Picture: SUPPLIED
Picture: SUPPLIED

Health group Ascendis, which is battling with a hefty debt pile far exceeding its market capitalisation, has warned of an almost R200m swing in headline profit, as it grapples with a crushing debt position.

Ascendis is valued at only R235m on the JSE, and has businesses in the consumer health, pharmaceutical and animal health categories. It has recently caught the attention of private equity groups interested in its assets and who have snapped up most of its debt vehicle.

This debt has come back to bite Ascendis, which said net finance costs had more than doubled to R545m in its six months to end-December 2020, while it had also incurred transaction-related and restructuring costs of R118m.

In an updated trading statement on Thursday, the group warned of a normalised headline loss from continuing operations of up to R47m in the six months to end-December, from a restated profit of R138m previously.

This is despite growth in normalised earnings before interest, taxation, depreciation and amortisation (ebitda), a measure of operating profit, of up to 53% from a restated R529m in 2019.

Ascendis further warned of writedowns to continuing operations of R150m, and R96m for discontinued operations.

The group expects a basic loss per share of up to 145.1c, from basic earnings of 46c previously — a loss of about R710m, from earnings of about R223m previously.

The company restructured its debt in mid-2020, giving it breathing room to try to complete asset sales, notably its crown jewel, Cyprus-based pharmaceutical maker Remedica, which remains highly profitable.

Part of this restructuring was undertaken via a payment in kind, a type of high-risk loan or bond that allows borrowers to pay interest with additional debt.

The group announced in January that two of its creditors, London-based investment firm Blantyre Capital and L1 Health Group, preferred a recapitalisation to the sale of profitable assets with long-term value, and which now hold more than three quarters of its debt vehicle.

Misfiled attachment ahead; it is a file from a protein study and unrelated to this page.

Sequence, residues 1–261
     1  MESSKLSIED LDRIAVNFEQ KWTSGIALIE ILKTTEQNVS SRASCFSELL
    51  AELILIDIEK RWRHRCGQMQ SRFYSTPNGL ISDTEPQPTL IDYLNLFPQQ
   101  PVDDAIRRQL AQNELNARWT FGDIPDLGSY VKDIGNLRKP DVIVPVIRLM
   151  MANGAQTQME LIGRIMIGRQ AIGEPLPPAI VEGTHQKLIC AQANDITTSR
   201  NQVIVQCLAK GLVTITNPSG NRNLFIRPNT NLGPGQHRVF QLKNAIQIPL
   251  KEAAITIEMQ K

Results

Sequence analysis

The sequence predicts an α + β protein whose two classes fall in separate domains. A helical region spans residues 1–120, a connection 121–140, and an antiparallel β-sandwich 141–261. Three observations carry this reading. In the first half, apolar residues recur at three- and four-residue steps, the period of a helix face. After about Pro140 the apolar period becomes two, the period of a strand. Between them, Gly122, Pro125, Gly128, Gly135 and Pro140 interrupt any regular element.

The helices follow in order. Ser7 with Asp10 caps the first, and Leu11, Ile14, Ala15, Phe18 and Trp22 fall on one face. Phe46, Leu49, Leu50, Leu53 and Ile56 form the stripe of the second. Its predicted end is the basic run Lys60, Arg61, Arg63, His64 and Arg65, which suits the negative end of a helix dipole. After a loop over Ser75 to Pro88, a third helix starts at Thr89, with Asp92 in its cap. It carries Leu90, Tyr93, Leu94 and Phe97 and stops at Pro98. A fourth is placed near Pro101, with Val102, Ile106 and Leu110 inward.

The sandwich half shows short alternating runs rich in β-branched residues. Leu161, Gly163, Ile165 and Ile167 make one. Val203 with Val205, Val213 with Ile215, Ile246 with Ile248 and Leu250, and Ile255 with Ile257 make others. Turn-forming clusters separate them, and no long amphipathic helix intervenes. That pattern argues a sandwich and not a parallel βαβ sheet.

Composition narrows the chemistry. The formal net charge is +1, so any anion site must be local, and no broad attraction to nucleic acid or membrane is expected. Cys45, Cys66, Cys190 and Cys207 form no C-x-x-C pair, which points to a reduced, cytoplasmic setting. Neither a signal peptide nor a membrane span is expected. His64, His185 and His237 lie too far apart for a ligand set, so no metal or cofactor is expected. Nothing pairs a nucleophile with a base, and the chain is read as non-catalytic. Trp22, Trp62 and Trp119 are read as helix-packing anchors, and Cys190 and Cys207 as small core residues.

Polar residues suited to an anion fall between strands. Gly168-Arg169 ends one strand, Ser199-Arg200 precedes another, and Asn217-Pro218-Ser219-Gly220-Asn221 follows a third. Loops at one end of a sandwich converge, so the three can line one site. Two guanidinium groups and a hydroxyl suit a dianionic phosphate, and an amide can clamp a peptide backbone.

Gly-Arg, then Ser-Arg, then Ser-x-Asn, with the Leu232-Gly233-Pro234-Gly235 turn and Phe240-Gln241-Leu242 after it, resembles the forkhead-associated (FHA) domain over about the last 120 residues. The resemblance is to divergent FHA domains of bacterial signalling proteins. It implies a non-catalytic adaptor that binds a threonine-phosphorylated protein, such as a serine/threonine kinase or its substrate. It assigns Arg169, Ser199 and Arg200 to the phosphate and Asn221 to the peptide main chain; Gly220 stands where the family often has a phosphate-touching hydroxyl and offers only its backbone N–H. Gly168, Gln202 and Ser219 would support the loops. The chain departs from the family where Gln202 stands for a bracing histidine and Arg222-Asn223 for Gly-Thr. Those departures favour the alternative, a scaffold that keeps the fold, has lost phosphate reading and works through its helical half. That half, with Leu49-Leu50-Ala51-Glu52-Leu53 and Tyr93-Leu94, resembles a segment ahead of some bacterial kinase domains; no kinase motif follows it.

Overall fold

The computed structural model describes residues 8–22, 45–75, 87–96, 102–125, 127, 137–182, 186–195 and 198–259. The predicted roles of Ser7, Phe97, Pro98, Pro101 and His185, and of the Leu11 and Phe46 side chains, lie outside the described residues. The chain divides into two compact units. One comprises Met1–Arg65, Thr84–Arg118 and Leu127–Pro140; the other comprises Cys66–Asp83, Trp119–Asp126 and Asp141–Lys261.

The group said earlier in March that its lenders had agreed to waive various repayment rights until end-April as talks on restructuring continue, further warning shareholders that if they vote against any plan, lenders’ patience may run out. Ascendis said it is expected that the debt will be swapped in exchange for chunks of its operating subsidiaries.

This has also prompted the formation a group of Ascendis activist shareholders, who are demanding transparency for shareholders regarding the restructuring talks and, in particular, how the businesses of the group have been valued.

Spokesperson for the group, Harry Smit, said on Thursday that the collective now represents about a fifth of Ascendis shares, and while it had met with Ascendis management, it is understandably preoccupied with forthcoming results.

Smit said the group is making progress towards a 25% stake — sufficient to veto any restructuring deal — and did not view the trading update on Thursday as particularly negative. The financing costs and writedowns had been expected, said Smit, while the continuing businesses of Ascendis had shown exceptional operating profit growth.

Ascendis has been battling with debt after a series of offshore acquisitions, and net debt of R7.96bn at the end of June.

In February, the group also provided an update on its six months to end-December, saying it had a strong operational performance, internationally and in SA, where it generates about half its revenue.

In SA, its medical devices business experienced robust demand, given that it supplies high-flow oxygen units and ventilators that are critical in treating patients with Covid-19. It also supplies testing equipment used to detect the coronavirus.

Remedica’s revenue is expected to be between €65m (R1.17bn) and €68m, an increase of 17%-23% over the comparable prior period, with normalised ebitda expected to rise as much as 40% to €24m.

Ascendis is expected to release its results on March 31.

In afternoon trade on Thursday, the group’s share was down 5.77% to 49c, having lost almost 98% of its value over the past five years.

Update: March 25 2021 
This article has been updated with comment from Ascendis shareholders.f

gernetzkyk@businesslive.co.za

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